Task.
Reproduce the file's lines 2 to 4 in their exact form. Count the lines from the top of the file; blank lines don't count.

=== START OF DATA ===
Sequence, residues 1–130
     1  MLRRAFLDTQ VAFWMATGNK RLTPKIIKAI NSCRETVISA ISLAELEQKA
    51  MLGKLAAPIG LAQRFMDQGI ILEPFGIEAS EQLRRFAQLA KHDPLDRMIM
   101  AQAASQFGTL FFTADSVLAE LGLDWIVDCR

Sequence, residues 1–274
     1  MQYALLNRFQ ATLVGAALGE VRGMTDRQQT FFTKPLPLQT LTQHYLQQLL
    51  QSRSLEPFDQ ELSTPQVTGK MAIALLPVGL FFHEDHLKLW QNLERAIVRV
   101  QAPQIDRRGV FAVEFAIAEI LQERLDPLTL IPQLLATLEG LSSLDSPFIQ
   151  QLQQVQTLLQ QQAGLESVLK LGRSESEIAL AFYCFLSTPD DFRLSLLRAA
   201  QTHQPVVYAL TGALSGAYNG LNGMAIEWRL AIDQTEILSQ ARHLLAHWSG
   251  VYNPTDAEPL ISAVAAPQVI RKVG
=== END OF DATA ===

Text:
     1  MLRRAFLDTQ VAFWMATGNK RLTPKIIKAI NSCRETVISA ISLAELEQKA
    51  MLGKLAAPIG LAQRFMDQGI ILEPFGIEAS EQLRRFAQLA KHDPLDRMIM
   101  AQAASQFGTL FFTADSVLAE LGLDWIVDCR